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Wells has a history as fascinating as it is long. Blessed with tremendous natural resources, this enticing place attracted native people and then European fishermen and traders long before Edmund Littlefield established the first permanent mills on the banks of the Webhannet River in 1640. Wells incorporated in 1653 as Maine’s third town, and since then more than thirteen generations of New Englanders have nurtured their families by reaping the waves of the Atlantic or toiling on the furrows of their farms. The early settlers were independent Yankees striving to make a living, but they created small communities grouped around the traditional institutions of the blacksmith shop, the store, the church, and the one-room school.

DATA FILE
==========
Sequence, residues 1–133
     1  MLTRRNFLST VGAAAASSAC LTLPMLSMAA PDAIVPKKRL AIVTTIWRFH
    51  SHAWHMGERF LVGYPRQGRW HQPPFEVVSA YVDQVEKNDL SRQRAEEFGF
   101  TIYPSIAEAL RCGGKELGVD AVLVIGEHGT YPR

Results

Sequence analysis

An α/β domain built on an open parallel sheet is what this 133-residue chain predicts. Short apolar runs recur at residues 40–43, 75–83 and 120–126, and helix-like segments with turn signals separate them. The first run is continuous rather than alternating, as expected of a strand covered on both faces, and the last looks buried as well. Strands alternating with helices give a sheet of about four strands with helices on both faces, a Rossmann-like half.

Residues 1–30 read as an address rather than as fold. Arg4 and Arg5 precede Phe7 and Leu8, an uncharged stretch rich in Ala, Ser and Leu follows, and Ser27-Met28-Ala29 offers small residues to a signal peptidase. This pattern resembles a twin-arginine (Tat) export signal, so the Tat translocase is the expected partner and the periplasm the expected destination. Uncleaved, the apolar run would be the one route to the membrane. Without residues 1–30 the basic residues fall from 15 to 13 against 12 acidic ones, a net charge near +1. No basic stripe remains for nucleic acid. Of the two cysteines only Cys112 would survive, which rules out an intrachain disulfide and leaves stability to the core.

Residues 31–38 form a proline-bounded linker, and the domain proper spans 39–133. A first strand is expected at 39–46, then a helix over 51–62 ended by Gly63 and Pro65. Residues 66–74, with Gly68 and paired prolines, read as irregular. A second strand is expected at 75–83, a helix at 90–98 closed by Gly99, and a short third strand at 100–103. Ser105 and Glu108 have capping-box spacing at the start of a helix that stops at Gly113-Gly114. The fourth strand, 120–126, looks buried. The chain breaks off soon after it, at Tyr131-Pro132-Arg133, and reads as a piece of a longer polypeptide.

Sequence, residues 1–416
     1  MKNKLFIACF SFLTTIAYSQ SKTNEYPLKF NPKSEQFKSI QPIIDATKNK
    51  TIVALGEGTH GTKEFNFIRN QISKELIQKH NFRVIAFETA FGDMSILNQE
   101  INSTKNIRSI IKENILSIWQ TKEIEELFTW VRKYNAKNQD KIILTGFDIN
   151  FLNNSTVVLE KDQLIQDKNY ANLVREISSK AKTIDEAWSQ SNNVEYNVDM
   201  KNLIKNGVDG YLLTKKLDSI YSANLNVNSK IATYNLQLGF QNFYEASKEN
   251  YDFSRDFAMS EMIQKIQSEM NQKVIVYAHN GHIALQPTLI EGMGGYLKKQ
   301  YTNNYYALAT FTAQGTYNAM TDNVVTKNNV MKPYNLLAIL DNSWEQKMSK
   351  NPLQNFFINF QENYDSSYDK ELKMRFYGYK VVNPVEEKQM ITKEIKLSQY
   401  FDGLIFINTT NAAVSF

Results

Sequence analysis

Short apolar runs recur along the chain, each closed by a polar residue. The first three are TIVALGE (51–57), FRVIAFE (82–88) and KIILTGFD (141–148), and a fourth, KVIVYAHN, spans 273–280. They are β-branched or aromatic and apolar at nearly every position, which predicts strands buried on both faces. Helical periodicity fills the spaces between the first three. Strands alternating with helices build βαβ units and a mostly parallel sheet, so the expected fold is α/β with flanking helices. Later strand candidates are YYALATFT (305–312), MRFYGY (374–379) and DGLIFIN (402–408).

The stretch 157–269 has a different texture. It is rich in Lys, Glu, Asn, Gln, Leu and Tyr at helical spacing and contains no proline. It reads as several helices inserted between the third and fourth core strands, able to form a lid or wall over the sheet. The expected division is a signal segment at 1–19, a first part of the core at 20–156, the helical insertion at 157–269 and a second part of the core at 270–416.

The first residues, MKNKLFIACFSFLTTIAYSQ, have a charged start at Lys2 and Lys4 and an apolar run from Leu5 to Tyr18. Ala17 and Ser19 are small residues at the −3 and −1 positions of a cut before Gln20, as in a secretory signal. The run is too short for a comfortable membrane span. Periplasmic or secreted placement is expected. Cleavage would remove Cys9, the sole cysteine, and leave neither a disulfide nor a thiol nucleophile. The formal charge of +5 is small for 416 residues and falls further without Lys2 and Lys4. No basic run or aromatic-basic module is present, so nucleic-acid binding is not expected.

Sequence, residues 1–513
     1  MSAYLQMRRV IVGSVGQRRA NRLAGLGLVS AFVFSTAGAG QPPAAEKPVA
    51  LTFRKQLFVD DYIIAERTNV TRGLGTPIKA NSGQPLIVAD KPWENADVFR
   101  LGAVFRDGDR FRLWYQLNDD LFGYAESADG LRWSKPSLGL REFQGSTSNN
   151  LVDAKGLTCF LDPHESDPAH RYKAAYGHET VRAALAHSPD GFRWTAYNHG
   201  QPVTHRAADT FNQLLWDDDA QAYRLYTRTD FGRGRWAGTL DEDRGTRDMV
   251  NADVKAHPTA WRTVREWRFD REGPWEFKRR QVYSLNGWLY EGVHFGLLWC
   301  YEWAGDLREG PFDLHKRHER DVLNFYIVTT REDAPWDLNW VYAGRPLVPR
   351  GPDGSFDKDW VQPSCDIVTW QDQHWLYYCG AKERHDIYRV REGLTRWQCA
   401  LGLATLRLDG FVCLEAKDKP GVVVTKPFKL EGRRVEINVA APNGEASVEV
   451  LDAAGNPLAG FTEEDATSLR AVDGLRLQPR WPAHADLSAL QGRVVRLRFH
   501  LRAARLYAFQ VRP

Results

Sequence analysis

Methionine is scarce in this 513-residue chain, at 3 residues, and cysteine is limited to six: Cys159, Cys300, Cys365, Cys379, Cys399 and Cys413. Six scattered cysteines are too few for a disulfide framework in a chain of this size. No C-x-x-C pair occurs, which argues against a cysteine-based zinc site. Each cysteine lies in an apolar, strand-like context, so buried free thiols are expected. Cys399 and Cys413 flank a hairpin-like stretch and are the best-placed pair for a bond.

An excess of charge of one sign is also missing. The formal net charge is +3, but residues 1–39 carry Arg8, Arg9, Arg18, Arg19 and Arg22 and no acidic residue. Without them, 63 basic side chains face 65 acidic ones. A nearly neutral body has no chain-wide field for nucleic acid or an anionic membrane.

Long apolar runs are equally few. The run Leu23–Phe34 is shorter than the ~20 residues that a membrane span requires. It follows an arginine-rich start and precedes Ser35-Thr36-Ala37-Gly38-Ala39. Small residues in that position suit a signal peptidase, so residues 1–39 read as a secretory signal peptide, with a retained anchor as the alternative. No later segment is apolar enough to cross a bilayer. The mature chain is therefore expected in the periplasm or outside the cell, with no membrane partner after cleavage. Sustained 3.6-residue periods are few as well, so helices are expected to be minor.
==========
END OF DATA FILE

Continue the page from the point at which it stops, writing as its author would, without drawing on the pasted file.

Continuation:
About the Author
Looking at each school district in turn, Hope M. Shelley combines a wealth of images with detailed information to tell the story of this dynamic and yet proudly traditional community from the dawn of photography to the mid-twentieth century. Hope M. Shelley is a native of Wells and curator at the Wells Historical Society and Museum. With this book she has created a learned and compelling visual history that will earn a lasting place on the shelves of area homes and be treasured by resident and visitor, young and old alike.